And so one of the number one reasons people pick a realtor is so that they price their home correctly. I am an expert at marketing, contract negotiation, administration, communication, and much, much more. Are you? Part of doing a real estate transaction means you need to be a Jack of all trades. So you need to know how to price your home, you need to know how to stage your home, how to decorate your home so that it will sell, how to do videography and professional photography and marketing. You have to do more than just stick a sign in your yard and put it on Zillow.
There is a whole marketing section of selling your home that comes into play. There's knowing the contract front and back. The contract is more than 13 pages. Have you read all 13 pages front and back, up and down, backwards and forward so that you know all the legal ramifications and all the details of the contract? Do you know what to do with the title company, inspections, repairs, closing, the lenders? Do you know which lenders are any good? Because some of them stink.
That's another reason that people hire a professional realtor, because a realtor who is an expert in all of those things and knows the ins and outs of handling each detail of the transaction. So if you're going to do it yourself, you need to read a book about staging, and look at lots of pictures online and lots of articles that tell you what to do for staging. You need to know what repairs and what updates to make to your home for the most return on your investment. You need to take a negotiation class and make sure that you're up to speed on professional negotiations. And you need to spend several hours reading over the contract to make sure you know everything that needs to be in it.
"Hey, y'all, let's just meet in the middle. We're 10,000 apart, let's just go five and have a deal." If that's your idea of being a negotiation expert, you've got a lot to learn before you put the house on the market. You need to become a negotiation expert to sell your house yourself.
One of the number one reasons people choose to hire a realtor is they want a negotiator on their side. So if you don't negotiate as a regular part of your daily life, if you've never taken a class or studied negotiation, then that's something you want to do before you put your house on the market. It's not just agreeing on a price and shaking hands, you are negotiating from the moment the buyers step foot in your house, all the way through to closing. There are little details all the time that have to be worked out and dealt with, so become a negotiation expert.
So you have to be a negotiation expert. That means you have to be unemotional about your transaction. So if you are very emotional about your house, this is something that you're going to have to work on. You're also, you need to get some training and learn negotiation, if that's not something you already do on a normal basis.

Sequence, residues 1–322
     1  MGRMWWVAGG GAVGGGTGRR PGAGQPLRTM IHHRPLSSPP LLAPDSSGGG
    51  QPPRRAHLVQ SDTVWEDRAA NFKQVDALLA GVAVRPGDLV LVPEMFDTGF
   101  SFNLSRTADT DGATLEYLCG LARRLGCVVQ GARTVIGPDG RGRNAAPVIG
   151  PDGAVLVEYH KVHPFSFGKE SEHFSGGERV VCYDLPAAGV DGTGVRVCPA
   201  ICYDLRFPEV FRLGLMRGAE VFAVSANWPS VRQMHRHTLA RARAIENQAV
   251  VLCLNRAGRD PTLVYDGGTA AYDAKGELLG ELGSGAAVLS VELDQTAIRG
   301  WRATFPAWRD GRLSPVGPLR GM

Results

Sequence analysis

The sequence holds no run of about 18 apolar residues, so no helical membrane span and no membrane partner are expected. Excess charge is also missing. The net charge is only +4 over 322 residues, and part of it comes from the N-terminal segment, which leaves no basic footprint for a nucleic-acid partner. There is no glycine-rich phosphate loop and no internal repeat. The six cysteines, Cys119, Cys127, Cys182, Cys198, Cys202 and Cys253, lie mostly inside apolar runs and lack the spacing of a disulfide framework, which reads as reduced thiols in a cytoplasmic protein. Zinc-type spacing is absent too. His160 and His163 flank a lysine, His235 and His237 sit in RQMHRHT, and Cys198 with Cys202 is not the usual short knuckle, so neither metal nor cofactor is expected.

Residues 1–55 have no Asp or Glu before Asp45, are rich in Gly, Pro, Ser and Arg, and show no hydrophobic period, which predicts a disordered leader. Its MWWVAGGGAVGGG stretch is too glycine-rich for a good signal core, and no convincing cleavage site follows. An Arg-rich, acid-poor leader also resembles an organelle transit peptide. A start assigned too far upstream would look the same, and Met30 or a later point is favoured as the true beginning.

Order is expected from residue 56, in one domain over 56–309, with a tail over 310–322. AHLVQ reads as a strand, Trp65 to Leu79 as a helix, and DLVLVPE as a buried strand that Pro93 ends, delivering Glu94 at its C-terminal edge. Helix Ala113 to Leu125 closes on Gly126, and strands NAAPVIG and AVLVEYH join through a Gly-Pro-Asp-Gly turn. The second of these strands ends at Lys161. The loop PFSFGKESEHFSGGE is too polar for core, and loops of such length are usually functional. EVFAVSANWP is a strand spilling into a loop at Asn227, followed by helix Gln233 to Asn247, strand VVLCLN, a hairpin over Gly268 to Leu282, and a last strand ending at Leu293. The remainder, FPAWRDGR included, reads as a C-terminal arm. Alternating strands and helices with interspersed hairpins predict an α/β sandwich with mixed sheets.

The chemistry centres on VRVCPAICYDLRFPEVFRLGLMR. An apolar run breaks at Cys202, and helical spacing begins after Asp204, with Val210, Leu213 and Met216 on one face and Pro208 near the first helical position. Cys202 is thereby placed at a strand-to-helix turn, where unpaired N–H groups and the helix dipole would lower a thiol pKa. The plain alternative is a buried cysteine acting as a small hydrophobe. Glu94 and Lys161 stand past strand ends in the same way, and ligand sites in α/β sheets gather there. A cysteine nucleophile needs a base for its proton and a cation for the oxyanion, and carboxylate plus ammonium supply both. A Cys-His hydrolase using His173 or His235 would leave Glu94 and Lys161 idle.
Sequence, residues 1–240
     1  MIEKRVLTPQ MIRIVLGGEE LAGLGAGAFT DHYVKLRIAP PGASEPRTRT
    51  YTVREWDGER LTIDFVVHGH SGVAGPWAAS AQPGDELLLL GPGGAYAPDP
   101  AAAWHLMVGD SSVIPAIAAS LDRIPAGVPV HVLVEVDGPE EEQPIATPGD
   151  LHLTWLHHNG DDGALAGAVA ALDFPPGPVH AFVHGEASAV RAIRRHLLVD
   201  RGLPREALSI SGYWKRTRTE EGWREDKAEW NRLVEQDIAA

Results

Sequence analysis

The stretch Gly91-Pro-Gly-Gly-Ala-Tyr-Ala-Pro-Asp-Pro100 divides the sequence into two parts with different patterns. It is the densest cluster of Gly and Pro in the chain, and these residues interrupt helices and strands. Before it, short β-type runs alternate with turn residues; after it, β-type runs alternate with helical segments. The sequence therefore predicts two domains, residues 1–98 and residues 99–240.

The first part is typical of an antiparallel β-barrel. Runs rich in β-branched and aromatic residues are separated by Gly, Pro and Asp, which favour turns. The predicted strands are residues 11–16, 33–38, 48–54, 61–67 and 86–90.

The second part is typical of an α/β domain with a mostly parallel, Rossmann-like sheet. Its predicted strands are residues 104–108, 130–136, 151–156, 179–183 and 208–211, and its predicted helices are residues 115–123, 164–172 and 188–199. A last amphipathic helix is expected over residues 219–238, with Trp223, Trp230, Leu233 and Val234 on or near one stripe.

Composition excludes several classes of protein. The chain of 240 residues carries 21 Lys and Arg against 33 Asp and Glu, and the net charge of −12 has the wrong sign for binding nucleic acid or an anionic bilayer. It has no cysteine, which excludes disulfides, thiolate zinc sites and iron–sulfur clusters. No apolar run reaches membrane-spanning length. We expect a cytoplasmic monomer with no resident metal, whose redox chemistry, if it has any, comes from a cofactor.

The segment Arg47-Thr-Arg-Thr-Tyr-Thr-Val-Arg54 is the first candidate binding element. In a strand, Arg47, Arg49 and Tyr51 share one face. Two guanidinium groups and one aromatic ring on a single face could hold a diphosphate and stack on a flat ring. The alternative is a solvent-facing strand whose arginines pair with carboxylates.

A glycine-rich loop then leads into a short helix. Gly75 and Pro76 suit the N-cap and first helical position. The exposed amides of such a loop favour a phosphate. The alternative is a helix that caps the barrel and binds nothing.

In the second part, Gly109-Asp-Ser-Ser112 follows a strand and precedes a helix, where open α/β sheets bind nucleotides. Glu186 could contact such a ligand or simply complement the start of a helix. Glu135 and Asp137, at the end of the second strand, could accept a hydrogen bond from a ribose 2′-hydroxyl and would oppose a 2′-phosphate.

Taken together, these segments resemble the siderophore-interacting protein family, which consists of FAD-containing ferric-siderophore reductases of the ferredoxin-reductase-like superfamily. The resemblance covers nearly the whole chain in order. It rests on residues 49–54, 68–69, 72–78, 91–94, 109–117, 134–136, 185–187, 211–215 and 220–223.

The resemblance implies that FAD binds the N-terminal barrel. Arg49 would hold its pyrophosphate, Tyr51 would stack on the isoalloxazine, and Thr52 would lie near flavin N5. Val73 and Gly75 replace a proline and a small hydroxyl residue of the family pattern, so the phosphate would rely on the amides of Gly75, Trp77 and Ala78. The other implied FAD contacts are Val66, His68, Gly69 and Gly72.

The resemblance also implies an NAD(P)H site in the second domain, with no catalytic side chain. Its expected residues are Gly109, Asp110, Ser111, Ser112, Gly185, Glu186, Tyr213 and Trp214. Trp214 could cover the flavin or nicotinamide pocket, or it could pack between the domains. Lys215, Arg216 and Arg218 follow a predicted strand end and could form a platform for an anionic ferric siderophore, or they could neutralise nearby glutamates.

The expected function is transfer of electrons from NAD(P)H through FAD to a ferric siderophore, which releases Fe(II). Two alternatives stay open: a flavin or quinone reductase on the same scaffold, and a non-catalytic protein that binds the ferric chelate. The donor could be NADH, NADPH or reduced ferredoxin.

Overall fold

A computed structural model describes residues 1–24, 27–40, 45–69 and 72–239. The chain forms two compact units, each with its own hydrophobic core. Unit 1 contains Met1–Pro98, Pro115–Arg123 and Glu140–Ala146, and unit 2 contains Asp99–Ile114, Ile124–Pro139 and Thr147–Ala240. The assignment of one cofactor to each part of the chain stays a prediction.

You don't want to get yourself in a situation with a buyer who is a negotiator, or even have a realtor bring the buyer. Which is a great deal because then you only pay half the compensation and they're pretty much going to run things till closing, but they're going to negotiate you up and down and all around from start to finish. And so you may end up at the end realizing that you gave away too much or you left money on the table because they out negotiated you and you didn't even realize it.
So negotiation is one of the number one reasons that people choose to use a realtor. That compensation they pay the realtor ends up typically being worth it if they had an expert negotiator on their side. Do you have a life? Number four is time. Do you have the time to devote to this? I mean, you probably already have a job, you have a family, you have people you care about, you have hobbies and interests, things you want to do. Do you really want to spend every waking hour of your life that's extra devoted to trying to sell your house? Maybe you should take a week off of work and just show your house and do the marketing.
I spend two to three days just setting up the marketing for one of my new listings. The paperwork takes several hours to get through. And if you have to read about negotiation, read about marketing, read about staging and read the contract front and back. You should probably just take some time off work and devote. Oh, you don't get paid if you're not at work? Well, is it worth it then to try to do it all on your own?
One of the main reasons I have clients who are deliberating to do for sell by owner, the reason they don't is because with the stress of moving, changing jobs, doing all the other things they have to do, adding on trying to sell your own house just doesn't seem as desirable as it did at first. That the money spent compensating a realtor is actually a plus. I'm providing you a service, I'm doing all these things for you.
And so then when you think about it, that money really isn't that bad of an investment to get your house sold in the easiest way possible for the most money in the shortest amount of time. But that is a big consideration. What's your life like right now? Is it already stressful? Because having to put your house on the market and sell it yourself and do all these things I've mentioned may just be too much.